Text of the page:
Nevil Shute's style will probably not please the modern reader much, and that is unfortunate. His love of detail and the pains he goes to make sure of what he is stating are characteristics that I enjoy in his texts. Sometimes, he goes to an almost ridiculous extent to flesh out the reality of his background, when it probably would not be missed. Yet just as he does this, you can see him entering a truly fictional world in which, whoops, his characters suddenly do resemble real people and his narrative suddenly comes to life. It might be the extra effort Donald Ross goes to get the wireless to work, something banal and silly like that, but we know, almost without realising it that Shute is suddenly expanding a fictional context to include the all too likely possibility of future danger, and we realise just how much care is being taken. The work is not sloppy; it is methodical and I admit, at times a little dry. Yet when Shute's work really fires, it is because of this attention to the right kind of detail.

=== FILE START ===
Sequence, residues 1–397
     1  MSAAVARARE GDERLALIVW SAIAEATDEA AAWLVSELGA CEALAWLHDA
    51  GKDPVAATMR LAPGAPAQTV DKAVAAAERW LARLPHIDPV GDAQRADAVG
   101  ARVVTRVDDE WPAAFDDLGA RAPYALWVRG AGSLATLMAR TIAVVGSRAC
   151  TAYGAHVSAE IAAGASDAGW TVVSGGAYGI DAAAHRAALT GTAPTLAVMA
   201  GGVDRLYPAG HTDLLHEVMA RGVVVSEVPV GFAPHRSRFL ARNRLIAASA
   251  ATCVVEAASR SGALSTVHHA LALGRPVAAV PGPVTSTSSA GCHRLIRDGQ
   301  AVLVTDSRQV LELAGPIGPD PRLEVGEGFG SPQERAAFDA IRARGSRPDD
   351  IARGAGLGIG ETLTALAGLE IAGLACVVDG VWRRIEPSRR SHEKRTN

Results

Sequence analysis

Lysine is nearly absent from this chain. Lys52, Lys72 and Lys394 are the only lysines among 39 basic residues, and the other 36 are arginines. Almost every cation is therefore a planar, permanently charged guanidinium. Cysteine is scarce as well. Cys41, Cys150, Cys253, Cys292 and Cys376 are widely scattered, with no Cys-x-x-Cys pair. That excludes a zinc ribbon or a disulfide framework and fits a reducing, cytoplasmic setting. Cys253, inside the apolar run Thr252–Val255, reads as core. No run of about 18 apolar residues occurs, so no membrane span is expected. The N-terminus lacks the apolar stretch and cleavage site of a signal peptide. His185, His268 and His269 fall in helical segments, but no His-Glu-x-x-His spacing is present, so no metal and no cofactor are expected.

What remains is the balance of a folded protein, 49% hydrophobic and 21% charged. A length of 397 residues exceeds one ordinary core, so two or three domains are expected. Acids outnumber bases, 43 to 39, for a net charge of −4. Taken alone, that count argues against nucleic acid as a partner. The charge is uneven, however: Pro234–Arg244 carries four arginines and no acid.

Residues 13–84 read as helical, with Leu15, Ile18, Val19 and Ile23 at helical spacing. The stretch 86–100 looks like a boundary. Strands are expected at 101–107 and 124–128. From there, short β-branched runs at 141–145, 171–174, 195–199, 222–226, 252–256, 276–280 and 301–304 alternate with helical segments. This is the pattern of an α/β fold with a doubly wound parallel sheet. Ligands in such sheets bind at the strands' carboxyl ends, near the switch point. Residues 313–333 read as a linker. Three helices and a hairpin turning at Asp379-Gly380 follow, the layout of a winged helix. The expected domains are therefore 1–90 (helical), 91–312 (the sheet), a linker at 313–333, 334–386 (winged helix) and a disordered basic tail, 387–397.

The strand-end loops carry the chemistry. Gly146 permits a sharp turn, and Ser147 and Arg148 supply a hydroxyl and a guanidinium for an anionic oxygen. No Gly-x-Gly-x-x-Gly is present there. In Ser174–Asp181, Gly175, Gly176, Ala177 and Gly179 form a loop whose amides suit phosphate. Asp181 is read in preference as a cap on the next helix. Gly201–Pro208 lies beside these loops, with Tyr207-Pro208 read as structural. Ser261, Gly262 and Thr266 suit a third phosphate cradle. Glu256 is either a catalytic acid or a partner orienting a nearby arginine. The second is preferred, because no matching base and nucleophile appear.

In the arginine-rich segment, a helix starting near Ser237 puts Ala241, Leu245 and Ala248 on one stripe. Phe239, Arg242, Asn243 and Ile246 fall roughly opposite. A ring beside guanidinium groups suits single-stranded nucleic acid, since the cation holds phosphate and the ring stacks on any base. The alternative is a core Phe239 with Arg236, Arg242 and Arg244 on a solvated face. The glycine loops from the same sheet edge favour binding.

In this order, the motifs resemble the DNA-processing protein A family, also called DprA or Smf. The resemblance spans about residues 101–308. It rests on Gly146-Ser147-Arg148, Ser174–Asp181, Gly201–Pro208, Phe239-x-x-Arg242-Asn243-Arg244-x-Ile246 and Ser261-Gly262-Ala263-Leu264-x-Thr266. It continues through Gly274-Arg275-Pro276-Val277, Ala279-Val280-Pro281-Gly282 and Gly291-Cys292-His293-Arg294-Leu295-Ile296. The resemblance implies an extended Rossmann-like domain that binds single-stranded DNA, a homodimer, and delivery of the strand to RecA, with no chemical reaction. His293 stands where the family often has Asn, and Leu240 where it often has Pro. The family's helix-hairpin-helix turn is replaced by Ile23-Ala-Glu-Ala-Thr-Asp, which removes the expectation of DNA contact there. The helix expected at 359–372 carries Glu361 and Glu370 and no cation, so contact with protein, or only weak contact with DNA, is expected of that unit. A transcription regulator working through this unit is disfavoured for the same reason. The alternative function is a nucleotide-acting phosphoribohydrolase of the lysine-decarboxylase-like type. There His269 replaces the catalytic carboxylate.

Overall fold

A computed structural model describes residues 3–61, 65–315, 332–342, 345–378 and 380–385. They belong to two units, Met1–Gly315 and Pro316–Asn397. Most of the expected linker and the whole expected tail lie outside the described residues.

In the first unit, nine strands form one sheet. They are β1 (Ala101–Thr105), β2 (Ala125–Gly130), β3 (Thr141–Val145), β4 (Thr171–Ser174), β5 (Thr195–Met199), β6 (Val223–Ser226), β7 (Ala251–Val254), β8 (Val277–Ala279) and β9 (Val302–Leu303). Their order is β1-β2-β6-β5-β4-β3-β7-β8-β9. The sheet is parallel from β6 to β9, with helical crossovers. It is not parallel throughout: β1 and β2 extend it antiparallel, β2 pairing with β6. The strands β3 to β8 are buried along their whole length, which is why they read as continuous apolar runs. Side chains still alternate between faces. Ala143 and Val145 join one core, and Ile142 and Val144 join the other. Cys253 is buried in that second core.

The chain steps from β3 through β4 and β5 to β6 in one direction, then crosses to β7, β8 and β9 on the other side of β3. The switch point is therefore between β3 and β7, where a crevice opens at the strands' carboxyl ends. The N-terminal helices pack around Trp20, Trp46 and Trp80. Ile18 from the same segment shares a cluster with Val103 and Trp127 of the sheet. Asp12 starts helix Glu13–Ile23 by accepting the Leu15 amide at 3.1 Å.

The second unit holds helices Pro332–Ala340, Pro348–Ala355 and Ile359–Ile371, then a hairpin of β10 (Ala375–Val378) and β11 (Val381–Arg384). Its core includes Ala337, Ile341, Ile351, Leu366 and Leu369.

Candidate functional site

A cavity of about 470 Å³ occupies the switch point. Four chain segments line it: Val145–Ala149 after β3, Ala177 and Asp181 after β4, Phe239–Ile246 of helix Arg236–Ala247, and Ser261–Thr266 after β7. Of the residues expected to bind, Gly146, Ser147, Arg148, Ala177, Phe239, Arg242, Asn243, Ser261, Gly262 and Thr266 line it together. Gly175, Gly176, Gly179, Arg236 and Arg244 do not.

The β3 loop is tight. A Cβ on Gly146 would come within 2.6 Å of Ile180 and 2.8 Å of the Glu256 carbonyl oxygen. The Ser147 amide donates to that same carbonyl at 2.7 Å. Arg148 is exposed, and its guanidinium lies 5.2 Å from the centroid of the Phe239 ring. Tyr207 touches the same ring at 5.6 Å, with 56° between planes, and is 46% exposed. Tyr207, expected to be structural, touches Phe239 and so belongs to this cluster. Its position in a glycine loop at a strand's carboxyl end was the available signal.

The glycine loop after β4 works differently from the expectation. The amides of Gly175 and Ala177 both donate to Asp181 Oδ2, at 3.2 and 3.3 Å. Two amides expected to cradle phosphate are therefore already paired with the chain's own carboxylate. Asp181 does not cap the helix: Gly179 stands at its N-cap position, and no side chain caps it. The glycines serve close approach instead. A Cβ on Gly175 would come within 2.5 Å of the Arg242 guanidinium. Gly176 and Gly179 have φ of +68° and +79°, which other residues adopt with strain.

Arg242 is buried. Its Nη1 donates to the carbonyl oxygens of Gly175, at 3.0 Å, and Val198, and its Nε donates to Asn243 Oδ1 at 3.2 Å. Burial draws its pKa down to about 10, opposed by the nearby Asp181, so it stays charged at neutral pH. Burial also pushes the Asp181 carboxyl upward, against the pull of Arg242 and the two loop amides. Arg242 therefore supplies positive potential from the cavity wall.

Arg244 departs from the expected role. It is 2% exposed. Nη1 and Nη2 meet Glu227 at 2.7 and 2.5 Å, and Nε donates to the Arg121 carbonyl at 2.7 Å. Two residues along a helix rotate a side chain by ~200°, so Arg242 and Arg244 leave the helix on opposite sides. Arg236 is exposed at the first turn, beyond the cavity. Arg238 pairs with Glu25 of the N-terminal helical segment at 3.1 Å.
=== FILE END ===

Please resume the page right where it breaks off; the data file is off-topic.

An Old Captivity has long been one of my favourite Shute novels. In a way it's an experimental sort of book: it takes the long wide arc of a journey from Britain to Canada via Iceland and Greenland as its background. The path of a small seaplane is traced with infinite pains to capture the solitude and the arduous nature of the voyage. Its three passengers are linked together in interesting and diverse ways. Slowly, against the further background of the Icelandic sagas, the tale emerges, and as usual with Nevil Shute it is not what we are expecting. Just when the clean, crisp, almost mechanical prose has us thinking one thing, Shute leaps off into a void composed of history and imagination. It's an extremely disciplined piece of writing and I hope you'll enjoy the ride.